Validating additive manufacturing technologies for small satellite antennas and passives

ADRIENNE is the extension of the VALIDDANTENNESS project, which aimed to explore and validate metal additive manufacturing techniques for small satellite antennas compared to conventional machining techniques.

Key project data

  • Start date: 01/2023.
  • End date: 06/2024.

Given the success and good results obtained in Validdanentenness, this new project was born.

The aim is to continue advancing in the development of RF technology, specifically antennas and passives, i.e. communications systems, valid for additive manufacturing only.

This issue is key as not all systems can be implemented using these advanced manufacturing techniques and it is therefore necessary to change and reformulate the design approach to obtain satisfactory results.

ADRIENNE will not only focus on making additive manufacturing a viable option for the implementation of RF systems, but will also analyse different materials that allow more sustainable results.

Due to the limited space available on these satellites, it is very important that the size and weight of the component is optimal, as well as its electromagnetic response, as this will determine all on-board systems, such as telemetry, telecontrol, navigation and data transfer with the ground.

To reduce the weight and improve the performance of antennas, additive manufacturing techniques open up new possibilities in the sector, as they allow the development of components with very complex shapes that can be manufactured without any problem. In addition, it also allows the number of fasteners such as screws or anchors to be reduced to a minimum, thus reducing the weight and logistics required to obtain perfect alignment and closure between the parts that make up a system.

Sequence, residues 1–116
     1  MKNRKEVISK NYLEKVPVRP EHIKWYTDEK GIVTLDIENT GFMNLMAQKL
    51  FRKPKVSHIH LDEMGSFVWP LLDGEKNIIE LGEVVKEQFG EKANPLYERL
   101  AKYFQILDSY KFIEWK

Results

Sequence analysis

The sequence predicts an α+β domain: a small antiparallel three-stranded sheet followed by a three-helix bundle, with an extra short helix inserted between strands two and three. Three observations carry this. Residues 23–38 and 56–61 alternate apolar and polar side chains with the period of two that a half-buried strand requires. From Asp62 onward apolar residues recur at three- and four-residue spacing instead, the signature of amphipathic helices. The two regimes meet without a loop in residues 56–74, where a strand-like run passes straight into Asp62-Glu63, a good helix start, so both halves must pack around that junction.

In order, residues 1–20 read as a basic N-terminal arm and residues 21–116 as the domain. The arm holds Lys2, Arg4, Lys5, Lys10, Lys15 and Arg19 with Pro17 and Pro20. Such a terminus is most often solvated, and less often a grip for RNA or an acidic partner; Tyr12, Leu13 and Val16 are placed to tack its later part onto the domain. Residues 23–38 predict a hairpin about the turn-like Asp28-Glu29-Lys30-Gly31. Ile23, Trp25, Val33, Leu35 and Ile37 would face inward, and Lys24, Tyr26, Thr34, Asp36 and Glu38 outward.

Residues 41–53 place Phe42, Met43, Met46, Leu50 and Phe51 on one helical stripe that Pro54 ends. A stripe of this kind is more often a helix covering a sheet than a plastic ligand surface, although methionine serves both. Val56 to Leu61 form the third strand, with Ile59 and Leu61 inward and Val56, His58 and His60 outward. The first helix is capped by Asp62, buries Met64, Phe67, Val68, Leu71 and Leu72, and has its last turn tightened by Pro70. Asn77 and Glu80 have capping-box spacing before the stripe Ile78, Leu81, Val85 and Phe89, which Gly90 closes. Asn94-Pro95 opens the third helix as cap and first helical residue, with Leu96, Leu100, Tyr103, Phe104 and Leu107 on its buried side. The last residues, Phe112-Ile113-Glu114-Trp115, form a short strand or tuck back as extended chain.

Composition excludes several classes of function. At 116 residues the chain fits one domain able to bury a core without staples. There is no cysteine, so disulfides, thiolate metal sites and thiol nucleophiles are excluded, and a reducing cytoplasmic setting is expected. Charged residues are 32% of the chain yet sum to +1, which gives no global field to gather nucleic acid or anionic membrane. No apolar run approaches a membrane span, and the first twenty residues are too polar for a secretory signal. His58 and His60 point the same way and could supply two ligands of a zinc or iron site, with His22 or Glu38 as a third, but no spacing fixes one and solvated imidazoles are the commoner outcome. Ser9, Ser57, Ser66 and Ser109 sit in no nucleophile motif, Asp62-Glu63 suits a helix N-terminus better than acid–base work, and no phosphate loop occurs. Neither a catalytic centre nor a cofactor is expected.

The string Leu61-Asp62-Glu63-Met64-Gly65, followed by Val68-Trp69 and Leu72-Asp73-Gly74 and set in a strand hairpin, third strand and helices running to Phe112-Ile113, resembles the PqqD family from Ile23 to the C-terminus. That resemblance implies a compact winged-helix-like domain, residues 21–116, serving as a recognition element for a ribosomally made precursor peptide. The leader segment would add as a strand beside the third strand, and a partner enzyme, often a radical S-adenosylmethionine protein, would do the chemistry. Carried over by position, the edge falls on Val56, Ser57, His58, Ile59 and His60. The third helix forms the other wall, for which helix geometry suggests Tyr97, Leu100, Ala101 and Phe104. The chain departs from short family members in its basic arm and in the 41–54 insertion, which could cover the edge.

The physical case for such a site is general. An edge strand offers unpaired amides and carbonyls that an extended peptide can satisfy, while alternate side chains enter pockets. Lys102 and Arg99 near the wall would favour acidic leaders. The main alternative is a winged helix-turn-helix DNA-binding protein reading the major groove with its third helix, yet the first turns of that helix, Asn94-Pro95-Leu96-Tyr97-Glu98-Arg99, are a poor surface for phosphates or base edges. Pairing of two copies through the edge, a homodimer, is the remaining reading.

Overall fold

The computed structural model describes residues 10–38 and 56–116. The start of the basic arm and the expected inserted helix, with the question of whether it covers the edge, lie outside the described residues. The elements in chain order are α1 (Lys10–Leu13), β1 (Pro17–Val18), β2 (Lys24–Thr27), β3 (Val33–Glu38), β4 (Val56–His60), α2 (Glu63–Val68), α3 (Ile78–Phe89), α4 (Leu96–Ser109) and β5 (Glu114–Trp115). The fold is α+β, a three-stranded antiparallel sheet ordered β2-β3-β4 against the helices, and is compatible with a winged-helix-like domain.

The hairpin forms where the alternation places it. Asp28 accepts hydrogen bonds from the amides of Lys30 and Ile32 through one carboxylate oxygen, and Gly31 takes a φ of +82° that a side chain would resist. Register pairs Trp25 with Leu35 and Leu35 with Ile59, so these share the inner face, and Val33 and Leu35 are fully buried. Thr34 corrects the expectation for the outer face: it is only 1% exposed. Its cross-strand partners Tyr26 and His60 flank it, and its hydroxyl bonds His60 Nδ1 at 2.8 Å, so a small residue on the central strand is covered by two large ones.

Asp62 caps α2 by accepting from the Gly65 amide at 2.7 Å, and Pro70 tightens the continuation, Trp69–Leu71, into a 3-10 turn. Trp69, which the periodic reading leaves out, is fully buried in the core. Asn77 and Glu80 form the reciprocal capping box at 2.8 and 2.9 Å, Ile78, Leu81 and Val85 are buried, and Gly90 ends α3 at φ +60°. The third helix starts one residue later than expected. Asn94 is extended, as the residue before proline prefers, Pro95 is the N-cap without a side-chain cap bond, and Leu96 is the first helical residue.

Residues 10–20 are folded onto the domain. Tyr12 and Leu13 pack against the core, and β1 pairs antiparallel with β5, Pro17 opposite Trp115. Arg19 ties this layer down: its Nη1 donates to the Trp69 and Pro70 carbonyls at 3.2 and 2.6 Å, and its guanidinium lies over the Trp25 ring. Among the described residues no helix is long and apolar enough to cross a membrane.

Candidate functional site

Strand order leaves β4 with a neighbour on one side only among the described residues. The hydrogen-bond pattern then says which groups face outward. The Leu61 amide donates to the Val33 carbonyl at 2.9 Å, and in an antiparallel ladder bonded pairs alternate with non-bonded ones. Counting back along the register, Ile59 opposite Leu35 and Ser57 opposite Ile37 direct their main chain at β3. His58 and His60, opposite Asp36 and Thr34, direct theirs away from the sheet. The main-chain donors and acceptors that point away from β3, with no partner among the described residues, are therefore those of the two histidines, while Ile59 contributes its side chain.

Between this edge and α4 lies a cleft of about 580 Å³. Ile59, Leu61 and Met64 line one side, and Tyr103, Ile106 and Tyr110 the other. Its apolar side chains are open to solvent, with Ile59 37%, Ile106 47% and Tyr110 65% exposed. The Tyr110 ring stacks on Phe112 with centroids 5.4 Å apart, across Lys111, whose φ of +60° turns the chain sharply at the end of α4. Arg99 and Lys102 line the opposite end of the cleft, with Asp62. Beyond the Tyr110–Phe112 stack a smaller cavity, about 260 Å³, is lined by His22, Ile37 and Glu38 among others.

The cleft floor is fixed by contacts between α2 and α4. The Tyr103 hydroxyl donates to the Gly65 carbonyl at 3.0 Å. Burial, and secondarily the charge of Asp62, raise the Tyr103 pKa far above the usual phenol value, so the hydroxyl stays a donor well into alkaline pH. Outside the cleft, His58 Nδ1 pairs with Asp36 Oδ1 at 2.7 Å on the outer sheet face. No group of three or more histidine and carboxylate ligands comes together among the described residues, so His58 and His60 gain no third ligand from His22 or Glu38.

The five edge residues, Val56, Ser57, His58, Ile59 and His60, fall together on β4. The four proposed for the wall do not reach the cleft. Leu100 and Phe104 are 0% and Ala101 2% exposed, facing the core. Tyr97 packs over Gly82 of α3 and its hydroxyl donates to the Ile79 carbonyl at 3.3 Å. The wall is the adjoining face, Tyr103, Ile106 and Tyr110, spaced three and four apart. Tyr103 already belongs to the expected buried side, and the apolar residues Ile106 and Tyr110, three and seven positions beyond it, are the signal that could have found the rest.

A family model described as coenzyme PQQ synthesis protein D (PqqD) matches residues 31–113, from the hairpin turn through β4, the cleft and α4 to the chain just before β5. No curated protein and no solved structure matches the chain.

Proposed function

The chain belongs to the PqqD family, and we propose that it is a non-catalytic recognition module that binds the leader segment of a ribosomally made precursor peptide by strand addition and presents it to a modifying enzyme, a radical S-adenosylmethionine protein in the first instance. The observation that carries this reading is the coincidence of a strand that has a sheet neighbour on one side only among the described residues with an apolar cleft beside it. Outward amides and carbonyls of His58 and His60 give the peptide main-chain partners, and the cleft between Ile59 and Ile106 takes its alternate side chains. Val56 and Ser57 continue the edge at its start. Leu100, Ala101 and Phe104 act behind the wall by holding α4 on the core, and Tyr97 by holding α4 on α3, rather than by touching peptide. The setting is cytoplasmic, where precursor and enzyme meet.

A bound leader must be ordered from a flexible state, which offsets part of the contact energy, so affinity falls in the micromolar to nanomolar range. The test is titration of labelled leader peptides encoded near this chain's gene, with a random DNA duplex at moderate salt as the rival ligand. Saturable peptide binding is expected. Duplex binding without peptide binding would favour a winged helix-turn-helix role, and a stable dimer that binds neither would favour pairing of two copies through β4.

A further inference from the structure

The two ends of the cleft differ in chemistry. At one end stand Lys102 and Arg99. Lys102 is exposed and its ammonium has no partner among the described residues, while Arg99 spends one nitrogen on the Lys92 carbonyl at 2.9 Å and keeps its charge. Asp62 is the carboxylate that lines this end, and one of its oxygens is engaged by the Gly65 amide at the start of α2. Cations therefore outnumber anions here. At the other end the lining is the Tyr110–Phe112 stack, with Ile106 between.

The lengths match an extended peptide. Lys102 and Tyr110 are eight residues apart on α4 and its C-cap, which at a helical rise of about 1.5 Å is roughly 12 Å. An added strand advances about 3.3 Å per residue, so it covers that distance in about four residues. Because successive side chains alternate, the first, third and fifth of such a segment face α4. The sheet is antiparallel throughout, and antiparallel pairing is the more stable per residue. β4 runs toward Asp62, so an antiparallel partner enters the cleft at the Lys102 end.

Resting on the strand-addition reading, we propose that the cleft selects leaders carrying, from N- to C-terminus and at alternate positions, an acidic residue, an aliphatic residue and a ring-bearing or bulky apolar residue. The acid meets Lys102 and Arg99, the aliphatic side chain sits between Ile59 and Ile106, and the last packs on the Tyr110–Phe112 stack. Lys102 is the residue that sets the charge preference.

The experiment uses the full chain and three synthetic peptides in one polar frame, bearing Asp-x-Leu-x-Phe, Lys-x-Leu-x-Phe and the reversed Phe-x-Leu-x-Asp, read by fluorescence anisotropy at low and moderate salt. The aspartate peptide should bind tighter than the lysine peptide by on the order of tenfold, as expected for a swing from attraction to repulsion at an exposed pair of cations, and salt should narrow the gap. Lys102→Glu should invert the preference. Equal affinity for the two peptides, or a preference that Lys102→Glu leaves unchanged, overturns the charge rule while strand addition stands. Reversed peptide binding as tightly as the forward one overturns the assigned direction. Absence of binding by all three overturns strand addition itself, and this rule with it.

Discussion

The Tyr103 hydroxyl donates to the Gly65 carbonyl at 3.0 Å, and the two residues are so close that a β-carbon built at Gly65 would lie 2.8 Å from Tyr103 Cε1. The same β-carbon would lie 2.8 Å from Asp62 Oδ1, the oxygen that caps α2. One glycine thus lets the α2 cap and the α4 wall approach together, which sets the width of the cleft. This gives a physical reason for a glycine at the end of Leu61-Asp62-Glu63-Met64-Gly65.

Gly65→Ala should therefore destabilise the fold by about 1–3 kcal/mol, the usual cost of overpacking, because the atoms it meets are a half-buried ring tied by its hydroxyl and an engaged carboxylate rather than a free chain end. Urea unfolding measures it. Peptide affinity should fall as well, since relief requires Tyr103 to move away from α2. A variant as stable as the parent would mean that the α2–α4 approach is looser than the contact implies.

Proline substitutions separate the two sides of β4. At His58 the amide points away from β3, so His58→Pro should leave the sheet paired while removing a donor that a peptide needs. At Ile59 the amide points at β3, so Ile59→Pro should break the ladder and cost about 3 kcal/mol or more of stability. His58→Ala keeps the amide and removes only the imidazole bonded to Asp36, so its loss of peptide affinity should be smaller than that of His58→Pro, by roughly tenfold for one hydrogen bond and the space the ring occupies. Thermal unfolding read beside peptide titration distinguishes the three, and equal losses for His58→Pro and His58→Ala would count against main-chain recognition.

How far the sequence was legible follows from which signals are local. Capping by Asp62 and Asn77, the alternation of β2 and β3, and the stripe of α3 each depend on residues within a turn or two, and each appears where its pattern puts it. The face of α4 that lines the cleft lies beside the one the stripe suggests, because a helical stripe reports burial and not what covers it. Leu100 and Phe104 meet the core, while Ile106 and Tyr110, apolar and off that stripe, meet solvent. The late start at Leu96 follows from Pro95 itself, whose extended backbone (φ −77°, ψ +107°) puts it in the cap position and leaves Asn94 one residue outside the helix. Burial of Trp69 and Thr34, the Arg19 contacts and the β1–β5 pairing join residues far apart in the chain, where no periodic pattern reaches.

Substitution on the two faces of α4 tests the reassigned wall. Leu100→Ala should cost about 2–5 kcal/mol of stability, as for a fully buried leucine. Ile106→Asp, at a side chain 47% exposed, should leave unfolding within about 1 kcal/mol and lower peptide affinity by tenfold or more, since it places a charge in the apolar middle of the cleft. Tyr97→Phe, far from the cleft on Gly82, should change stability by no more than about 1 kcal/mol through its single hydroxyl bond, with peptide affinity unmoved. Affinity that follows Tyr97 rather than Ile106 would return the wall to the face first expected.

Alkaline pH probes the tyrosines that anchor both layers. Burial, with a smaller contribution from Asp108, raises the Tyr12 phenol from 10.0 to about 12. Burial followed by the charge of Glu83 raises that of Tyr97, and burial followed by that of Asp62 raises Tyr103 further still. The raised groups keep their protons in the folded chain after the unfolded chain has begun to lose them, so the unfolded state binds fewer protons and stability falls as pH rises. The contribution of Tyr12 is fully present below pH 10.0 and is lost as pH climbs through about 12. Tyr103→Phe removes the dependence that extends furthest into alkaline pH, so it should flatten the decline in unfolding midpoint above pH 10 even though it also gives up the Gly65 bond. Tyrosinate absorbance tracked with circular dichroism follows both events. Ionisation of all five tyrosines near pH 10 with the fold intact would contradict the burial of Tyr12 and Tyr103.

Finally, it is also worth noting that additive manufacturing reduces the amount of waste, as it uses metal powder that is reusable, making this manufacturing method also more environmentally sustainable. This aspect is becoming a key point on the world scene as the increase in satellites and current developments in space mean that strong recovery, recycling and sustainability policies linked to the sector need to be established.

With all this in mind, the project aims to develop communications systems implemented through additive manufacturing that are also more sustainable and environmentally friendly.

A radiant chain for the transfer of data from small satellites will be designed, manufactured and tested. Both the design and the verification tests to be carried out are specific to the space industry and, at the end of the project, the system will be partially space-qualified.

In addition, new materials for the additive manufacturing of the antennas will be analysed.

In order to achieve the greatest possible weight reduction, the feasibility of using different types of aluminium, as well as composites, will be studied, both for the complete manufacture of the antenna and for some of its components. To this end, a structural comparison will be made of the designs developed in aluminium and in composite, simulating their dynamic response to the foreseen stresses.


ADRIENNE aims to achieve the following objectives:

  • Validate additive manufacturing technology for the development of complex RF parts (antennas and passive components) to be used in space applications (small satellites).
  • To study different materials that can be used in additive manufacturing and that offer good performance from a functional and sustainable point of view.
  • To test and validate the equipment developed in space conditions.
  • Visibilise the use of additive manufacturing and the results of the project in the aerospace industry.
  • To generate a strong consortium that creates value in the region.